Editorial

Dear Reader: Couturiers of the law ♦ Cost of crime


Couturiers of the law

Yes, ten years have passed since the Sheriff of the High Court entered the premises of attorneys Hoosain Mohamed and Associates with a “search and seizure” warrant, obtained by noseweek, to secure evidence that Mohamed and his partner, Ahmed Chohani had been operating a scheme to cheat mostly illiterate road accident victims out of their Road Accident Fund payouts. The story was another milestone in this publication’s history as a campaigner for social reform and justice for all. It saw both attorneys sent to jail, and millions recovered that could be refunded to scores of impoverished victims.

As important: the Road Accident Fund story highlighted how dangerous it is to give the legal profession a key role in the administration of a welfare system funded with taxpayers’ money. The ethos of the one is simply incompatible with the other. Lawyers manoeuvre to achieve maximum income for minimum effort; all too often they are simply couturiers and bespoke tailors charging outrageous prices for exclusive, unique garments. Social welfare makes bulk purchases to secure the maximum number of mass-produced winter blankets for the poor. Cross the two and you get smart lawyers appropriating half the national justice budget to fashion Jacob Zuma’s latest exotic defence.

Noseweek is still regularly contacted about thieving road-accident attorneys, the gatekeepers to this social security fund. But if you still think that lawyers representing accident victims are the only rogues exploiting the system, we must disabuse you of that notion: the RAF’s own attorneys are frequently as bad, or worse.

It is time to remove the requirement of proving fault against a motorist or pedestrian in order to succeed with a claim. Only once Parliament legislates a “no blame” system – and limits are placed on the amount of compensation this society can offer any one victim – will the Road Accident Fund fulfil its proper social security purpose.

The Attorneys’ Fidelity Fund is another unhappy example of a scheme, ostensibly designed for the public good, gone horribly wrong. Operated by the lawyers themselves, it has degenerated into little more than a cheap and grossly misleading PR exercise. Before they will take on a case attorneys routinely demand that clients deposit large sums – hundreds of thousands of rands – “up front” in their attorney’s trust account to cover their anticipated fees. As the system now operates, should that money be stolen, the victim must hire another attorney, pay up front again (but this time double the amount: first to reinstate his original case with a new lawyer, and then to sue his old attorney) before he can turn to the Fidelity Fund as “insurer of last resort”. It may reasonably be assumed that most victims of attorney fraud have neither the money nor the stomach for all that, effectively absolving the Fidelity Fund of any liability.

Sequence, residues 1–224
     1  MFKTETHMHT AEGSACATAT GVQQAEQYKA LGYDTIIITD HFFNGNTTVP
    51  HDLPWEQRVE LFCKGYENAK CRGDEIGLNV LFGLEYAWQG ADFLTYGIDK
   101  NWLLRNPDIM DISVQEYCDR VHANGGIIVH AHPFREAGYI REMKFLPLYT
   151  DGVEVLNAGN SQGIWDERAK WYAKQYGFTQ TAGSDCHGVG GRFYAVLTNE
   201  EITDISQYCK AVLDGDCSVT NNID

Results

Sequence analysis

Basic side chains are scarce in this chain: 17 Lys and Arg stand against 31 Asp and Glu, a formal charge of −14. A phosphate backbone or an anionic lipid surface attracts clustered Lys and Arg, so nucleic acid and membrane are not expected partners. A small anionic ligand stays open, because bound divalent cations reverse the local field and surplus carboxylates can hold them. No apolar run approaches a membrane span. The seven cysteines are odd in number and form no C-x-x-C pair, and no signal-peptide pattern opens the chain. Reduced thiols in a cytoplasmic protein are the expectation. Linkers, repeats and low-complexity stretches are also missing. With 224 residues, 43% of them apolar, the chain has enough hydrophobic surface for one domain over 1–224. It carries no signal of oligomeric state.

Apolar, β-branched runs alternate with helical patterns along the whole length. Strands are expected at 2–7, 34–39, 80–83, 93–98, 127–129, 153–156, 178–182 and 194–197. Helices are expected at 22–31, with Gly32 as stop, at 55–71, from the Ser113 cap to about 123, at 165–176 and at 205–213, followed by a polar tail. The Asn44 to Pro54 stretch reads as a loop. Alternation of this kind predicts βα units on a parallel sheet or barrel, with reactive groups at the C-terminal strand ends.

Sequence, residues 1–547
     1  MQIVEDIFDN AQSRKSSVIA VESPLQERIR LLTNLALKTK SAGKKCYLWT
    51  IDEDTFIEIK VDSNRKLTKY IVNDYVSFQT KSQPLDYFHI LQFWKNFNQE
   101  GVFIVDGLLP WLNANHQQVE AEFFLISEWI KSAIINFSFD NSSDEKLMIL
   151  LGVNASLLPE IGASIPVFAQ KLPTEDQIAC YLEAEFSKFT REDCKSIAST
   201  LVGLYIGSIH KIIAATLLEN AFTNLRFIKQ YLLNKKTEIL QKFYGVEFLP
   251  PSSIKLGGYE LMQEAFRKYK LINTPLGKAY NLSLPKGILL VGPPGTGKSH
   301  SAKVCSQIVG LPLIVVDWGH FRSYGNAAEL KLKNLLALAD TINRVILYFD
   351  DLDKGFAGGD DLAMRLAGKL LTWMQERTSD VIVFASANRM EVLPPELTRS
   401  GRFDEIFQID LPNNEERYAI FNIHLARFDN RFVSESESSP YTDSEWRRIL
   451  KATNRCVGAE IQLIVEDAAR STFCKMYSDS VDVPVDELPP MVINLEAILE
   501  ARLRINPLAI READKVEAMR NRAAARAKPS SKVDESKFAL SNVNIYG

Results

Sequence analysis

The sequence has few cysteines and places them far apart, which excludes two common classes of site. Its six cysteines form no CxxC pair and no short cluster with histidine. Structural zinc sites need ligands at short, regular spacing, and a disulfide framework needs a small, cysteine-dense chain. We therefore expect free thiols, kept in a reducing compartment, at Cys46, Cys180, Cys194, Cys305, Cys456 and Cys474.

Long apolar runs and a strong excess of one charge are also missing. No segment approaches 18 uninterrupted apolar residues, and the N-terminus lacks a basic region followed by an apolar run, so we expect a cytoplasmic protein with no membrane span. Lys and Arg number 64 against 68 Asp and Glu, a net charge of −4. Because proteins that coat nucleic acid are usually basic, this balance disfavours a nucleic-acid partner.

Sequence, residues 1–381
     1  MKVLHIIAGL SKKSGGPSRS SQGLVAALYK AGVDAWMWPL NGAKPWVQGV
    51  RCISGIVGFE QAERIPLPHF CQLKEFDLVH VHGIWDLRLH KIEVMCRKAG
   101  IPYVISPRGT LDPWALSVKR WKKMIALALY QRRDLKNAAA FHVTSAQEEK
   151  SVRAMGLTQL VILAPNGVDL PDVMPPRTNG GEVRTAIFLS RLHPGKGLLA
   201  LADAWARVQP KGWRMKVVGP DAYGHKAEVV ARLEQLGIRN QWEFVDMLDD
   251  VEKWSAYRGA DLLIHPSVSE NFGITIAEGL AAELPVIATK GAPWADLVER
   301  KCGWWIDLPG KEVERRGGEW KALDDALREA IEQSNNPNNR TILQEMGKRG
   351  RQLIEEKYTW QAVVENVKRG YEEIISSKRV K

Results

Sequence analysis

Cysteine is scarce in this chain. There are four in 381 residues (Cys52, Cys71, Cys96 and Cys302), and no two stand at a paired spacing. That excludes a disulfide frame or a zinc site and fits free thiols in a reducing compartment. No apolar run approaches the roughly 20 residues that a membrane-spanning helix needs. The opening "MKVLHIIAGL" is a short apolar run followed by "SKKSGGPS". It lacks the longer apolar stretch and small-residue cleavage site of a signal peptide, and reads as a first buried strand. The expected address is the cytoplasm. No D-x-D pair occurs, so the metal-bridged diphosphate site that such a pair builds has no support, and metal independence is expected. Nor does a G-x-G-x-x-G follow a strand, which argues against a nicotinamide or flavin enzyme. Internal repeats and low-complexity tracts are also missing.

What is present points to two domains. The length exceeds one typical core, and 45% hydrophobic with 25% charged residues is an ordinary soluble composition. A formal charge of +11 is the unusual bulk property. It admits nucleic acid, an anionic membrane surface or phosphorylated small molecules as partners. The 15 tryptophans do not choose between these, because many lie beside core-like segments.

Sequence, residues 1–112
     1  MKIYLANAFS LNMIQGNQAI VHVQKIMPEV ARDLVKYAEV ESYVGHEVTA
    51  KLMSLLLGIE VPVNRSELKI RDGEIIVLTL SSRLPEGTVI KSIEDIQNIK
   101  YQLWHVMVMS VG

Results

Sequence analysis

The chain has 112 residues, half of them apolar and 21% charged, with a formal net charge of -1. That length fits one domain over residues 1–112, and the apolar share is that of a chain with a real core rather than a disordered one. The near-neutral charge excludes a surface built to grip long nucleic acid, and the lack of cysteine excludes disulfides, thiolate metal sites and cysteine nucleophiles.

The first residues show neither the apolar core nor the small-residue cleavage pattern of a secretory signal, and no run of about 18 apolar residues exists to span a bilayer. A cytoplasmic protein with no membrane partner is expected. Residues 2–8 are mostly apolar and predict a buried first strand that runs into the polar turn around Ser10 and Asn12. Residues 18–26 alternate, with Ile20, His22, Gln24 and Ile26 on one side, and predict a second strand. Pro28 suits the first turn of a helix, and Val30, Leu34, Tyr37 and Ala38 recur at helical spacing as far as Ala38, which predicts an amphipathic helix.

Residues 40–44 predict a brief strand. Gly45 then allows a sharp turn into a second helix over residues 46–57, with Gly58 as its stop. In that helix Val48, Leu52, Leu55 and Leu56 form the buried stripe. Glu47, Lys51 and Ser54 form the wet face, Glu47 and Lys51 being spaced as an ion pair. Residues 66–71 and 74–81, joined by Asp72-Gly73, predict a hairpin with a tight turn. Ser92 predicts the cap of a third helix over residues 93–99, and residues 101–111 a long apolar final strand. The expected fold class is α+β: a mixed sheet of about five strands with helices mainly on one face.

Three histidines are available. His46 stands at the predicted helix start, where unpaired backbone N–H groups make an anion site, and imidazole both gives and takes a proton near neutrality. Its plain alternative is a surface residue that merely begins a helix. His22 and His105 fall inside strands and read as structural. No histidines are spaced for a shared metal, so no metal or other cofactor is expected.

If the legal profession had any self respect, their fidelity fund would be the primary insurer of their members’ probity, since they have the professional resources – and the most leverage – to recover money from deviant colleagues.

Cost of crime

In recent weeks various European countries have begun demanding that South African visa applicants pay large sums in additional visa clearance fees. Every South African who wishes to visit the UK must obtain a visa that costs R1000! “Why are we being victimised in this manner?” asks noseweek reader Arnold Taylor in Durban.

Simple: It’s the cost of crime. Corruption in our Department of Home Affairs is so pervasive that our passports and ID documents simply cannot be trusted. To ensure their own safety, those countries now feel they need independently to verify identity and repute – which process costs money.

Another example. Noseweek, like most publications, has its circulation figures certified by the Audit Bureau of Circulation. In effect, our own auditors audit noseweek’s sales figures according to a procedure prescribed by the ABC. Until last year the process was pretty straightforward and cost less than R8,000 in audit fees. Then staff at one of the country’s largest publishing houses, Media24, devised a fraudulent scheme to boost their circulation figures – effectively, to defraud their advertisers. They were caught, reprimanded and fined. But no-one was arrested or went to jail – so who, in a big corporation, cares? But now no publication is trusted, and ABC has devised an elaborate new audit system that operates on the assumption that we are all criminals. This year noseweek’s auditor reckoned he was justified in charging R48,000 – six times the previous amount – for the audit now required. That’s the cost of white collar crime.

The Editor

 

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Submitted by : Nigel Wildman of Johannesburg on 2009-03-03 16:31:12
He didn't say the auditor is a white collar criminal. He infers that the auditor has to do a lot more work to satisfy ABC. Hence the cost of white collar crime.
 
Submitted by : BEN SWART of QUELLERINA on 2009-02-27 15:18:05
I don't think it is necessary for you to worry about circulation figures. Believe me I think it is very low and going lower all the time. Not much of interest to read. Still not etiquette to say that noseweek's auditor is a white collar criminal charging R48,000 for the audit.
Regards
Ben

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